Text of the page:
Elon Musk, the world’s wealthiest businessperson, faced a new campaign against him when he liked an antisemitic post on his platform, X (Twitter). Media Matters, an organization that published a report on the prevalence of antisemitic content on the platform, triggered major American companies advertising on X to withdraw their ads. Musk, experiencing significant commercial losses, attempted to demonstrate his non-antisemitic stance by visiting Israel. However, associating this with proving one’s non-antisemitic stance is problematic, considering the history of antisemitism predates Israel’s history, and leaders like Prime Minister Netanyahu have a long history of trying to equate criticism of Israel’s policies with antisemitism.
Musk, with a high ability to influence or at least generate discussions in the American public, had been involved in controversies surrounding freedom of expression and the press, especially after acquiring Twitter. Despite facing criticism for various technical and policy changes on the platform, Musk’s success in companies like Tesla and SpaceX led some to believe he could replicate it somehow. However, reports suggesting regret over acquiring Twitter and Musk’s difficulty in ensuring absolute freedom of expression indicated the challenges he faced.
While X remained an indispensable platform, its struggle to generate interactions as it used to suggested an inability to prevent the decline in advertising revenue. Criticisms of X being more easily used by white supremacists and racist groups were prevalent before October 7. After that date, these criticisms intensified, with allegations that Musk’s platform failed to prevent antisemitic propaganda. X, being the most effective private company in influencing public debates, faced pressure on Musk to somehow prevent this kind of propaganda. Musk not only failed in this regard but also intensified the situation by liking an antisemitic post, leading many major American companies to stop advertising on the platform.
Musk, by attracting accusations of antisemitism, exacerbated the difficulties he had been facing in making X profitable. To alleviate pressure from the American public, Musk announced that he would donate ad revenues from interactions related to Gaza on X to hospitals in Israel and the Red Cross in Gaza, suggesting that his concern was not purely financial. However, such steps were unlikely to be sufficient to bring advertisers back to the platform. In recent weeks, pro-Israel groups in the U.S. initiated a campaign of sensitivity against antisemitism to divert attention from Israel’s actions in Gaza. In an environment where many companies were already under pressure, the risk of receiving an antisemitic label seemed to be the main factor behind Musk’s decision to visit Israel.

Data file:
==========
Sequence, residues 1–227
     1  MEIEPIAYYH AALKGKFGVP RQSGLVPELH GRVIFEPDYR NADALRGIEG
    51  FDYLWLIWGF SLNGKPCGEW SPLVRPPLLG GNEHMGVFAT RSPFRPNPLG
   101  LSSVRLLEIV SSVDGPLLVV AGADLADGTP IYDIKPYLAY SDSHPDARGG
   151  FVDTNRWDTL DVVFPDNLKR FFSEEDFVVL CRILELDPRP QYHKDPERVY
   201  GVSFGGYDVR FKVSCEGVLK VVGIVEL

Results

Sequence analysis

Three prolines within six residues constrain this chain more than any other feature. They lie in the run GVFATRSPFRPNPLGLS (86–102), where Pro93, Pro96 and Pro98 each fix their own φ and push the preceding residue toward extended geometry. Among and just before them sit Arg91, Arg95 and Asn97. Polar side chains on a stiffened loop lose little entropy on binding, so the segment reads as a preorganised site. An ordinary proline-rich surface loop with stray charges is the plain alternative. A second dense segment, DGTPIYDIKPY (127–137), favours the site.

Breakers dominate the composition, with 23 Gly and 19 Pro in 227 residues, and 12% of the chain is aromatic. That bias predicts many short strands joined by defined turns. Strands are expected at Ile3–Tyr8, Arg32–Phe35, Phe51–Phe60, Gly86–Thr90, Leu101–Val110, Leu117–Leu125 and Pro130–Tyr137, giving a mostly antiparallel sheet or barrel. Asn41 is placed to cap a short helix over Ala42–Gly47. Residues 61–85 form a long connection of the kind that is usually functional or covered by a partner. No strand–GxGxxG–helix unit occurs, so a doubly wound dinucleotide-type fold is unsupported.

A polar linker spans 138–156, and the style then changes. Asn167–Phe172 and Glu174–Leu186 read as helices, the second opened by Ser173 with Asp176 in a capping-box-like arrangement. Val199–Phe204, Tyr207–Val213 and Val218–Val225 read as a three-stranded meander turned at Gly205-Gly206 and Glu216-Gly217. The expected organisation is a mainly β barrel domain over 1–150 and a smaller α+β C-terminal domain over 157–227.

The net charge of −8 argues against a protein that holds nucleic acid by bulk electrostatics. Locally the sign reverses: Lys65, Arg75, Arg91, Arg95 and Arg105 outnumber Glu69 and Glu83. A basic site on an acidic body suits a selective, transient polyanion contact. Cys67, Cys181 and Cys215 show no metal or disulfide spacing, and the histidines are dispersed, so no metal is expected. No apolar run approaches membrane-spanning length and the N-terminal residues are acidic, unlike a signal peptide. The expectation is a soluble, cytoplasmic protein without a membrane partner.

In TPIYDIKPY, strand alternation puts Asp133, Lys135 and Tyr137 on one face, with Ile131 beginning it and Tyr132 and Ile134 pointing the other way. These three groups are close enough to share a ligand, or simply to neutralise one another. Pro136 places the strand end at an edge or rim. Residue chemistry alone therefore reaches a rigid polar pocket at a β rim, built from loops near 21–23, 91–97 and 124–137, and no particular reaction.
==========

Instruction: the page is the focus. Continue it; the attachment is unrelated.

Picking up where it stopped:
Earlier, Musk had announced providing internet access to Gaza via Starlink. Still, during the trip, he accepted that this would be subject to approval from the Israeli Ministry of Communication, taking a step back. After meetings with Israeli President Herzog and Prime Minister Netanyahu, Musk echoed Israeli views by stating, referring to Hamas, “there is nothing to do but kill those who kill innocent civilians.” Musk’s previous statements expressing sympathy for Palestinians notwithstanding, interpreting these comments as a simple effort to please Israel would be challenging. Musk seems to believe that being the world’s most successful businessperson qualifies him to speak on topics he is not an expert in.
It’s essential to note a significant disconnect between American political and economic elites and the general public regarding the events after October 7. While the majority of political elites leaned toward classic support for Israel, many young people and minority groups sided with Palestine. Actions like universities banning Palestinian student groups, some employers firing people who attended pro-Palestinian demonstrations, and the use of anti-Semitism campaigns as a pressure tool against criticizing Israel within the Democratic Party showcased this division. Musk’s attempt to shake off the antisemitism label with a trip to Israel shows his failure to grasp the elite-public disconnect over Palestine in American politics.